S Korea Lotte Fine Chemicals signs ammonia tanker time charter

26 April 2017 18:48 Source:ICIS News

LONDON (ICIS)--Lotte Fine Chemicals (LFC) has time chartered an ammonia tanker so it can reduce its reliance on third-party suppliers, a source at the South Korean group revealed on Wednesday.

The firm will load the 40,000-tonne capacity BW Nantes in Saudi Arabia in early May, with the vessel's inaugural cargo for downstream units and customers at Ulsan, expected in late May to early June.

LFC will likely receive 32,000-33,000 tonnes as the balance of 7,000 tonnes has been sold to Hanwha on a spot basis for early June discharge at Incheon.

No price has been heard for that parcel, but the buyer expects a formula price from SABIC of $340-345/tonne FOB (free on board) for the cargo that will load in Jubail.

"We have agreed a 12-month time charter for the BW Nantes, and the vessel will load up to 120,000 tonnes of SABIC material over the next year as part of a long-term formula-priced FOB supply agreement," the source said.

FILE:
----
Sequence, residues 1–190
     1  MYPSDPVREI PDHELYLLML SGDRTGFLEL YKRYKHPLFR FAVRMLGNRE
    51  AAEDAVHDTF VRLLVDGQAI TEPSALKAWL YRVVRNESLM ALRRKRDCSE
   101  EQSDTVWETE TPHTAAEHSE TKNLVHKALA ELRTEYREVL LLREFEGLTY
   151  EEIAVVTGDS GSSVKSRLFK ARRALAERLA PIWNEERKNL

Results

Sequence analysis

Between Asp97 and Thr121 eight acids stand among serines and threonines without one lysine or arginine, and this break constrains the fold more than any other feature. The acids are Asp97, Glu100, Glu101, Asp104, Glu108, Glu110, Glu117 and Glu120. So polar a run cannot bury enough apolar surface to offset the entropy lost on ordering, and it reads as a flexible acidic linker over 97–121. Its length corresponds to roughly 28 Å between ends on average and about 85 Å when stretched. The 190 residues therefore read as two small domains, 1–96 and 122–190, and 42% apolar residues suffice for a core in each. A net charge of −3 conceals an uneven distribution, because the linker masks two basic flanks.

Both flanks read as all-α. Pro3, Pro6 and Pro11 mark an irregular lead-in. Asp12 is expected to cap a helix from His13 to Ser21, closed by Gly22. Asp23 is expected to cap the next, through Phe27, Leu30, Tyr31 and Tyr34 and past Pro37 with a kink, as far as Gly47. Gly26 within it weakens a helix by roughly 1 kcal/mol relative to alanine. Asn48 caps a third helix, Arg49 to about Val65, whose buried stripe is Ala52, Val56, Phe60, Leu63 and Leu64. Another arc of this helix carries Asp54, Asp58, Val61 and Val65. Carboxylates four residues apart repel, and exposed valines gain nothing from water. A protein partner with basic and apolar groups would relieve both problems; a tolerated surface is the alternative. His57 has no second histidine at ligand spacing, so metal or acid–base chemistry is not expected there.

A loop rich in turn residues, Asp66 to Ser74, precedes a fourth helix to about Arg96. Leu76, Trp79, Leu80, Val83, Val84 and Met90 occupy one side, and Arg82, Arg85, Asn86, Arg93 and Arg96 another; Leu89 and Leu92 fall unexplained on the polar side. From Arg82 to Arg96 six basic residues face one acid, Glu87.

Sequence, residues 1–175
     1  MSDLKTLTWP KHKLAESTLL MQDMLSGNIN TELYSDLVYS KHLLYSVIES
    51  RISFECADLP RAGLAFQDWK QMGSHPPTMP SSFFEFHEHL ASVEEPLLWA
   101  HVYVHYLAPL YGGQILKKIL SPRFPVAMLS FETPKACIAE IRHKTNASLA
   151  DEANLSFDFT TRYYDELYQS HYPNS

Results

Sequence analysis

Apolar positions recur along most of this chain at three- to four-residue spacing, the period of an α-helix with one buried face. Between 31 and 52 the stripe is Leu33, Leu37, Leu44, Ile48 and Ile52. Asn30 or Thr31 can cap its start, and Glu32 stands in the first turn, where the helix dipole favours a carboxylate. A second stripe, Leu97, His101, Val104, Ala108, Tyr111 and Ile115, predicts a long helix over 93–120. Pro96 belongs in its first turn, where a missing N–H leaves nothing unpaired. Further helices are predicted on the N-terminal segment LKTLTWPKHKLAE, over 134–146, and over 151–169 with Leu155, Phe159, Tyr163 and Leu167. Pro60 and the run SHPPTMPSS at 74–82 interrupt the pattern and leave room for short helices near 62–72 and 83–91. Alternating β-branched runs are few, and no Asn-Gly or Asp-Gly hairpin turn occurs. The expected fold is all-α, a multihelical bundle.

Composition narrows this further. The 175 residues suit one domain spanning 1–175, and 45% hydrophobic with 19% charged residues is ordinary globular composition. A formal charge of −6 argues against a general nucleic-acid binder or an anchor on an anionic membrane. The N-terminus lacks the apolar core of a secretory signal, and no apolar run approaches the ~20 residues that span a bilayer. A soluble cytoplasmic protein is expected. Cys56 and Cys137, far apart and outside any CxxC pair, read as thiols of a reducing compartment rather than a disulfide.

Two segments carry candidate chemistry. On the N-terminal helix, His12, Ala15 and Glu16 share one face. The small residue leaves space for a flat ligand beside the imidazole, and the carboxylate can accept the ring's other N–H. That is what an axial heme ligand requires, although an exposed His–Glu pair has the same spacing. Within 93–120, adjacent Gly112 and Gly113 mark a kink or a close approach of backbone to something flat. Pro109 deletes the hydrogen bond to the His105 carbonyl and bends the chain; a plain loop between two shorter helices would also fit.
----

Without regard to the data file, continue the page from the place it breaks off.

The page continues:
He added the vessel will likely return to the Kingdom later in the second quarter, possibly to lift some contract material from Saudi Arabian Mining Co (Ma'aden).

The pair signed a supply agreement in late 2016 for 200,000 tonnes/year, but some of that volume is available on a FOB basis at the buyer's option, the source added.

In late 2016, LFC signed supply deals with three suppliers for a combined 550,000 tonnes of ammonia for arrival at Ulsan in 2017.

The group signed deals with Koch and Ma'aden for 200,000 tonnes each, and with Trammo for 150,000 tonnes.

At the time, LFC said it would look to buy 100,000 tonnes on a spot basis, versus the 50,000-60,000 tonnes of non-contract material acquired in 2016.

By taking control of a vessel, LFC will have the ability to source spot cargoes on a FOB basis rather than simply receive cargoes from traders or manufacturers on a CFR (cost and freight) basis.

Potential destinations for such spot cargoes over the coming months include the Arabian Gulf, Indonesia and Algeria.

By Richard Ewing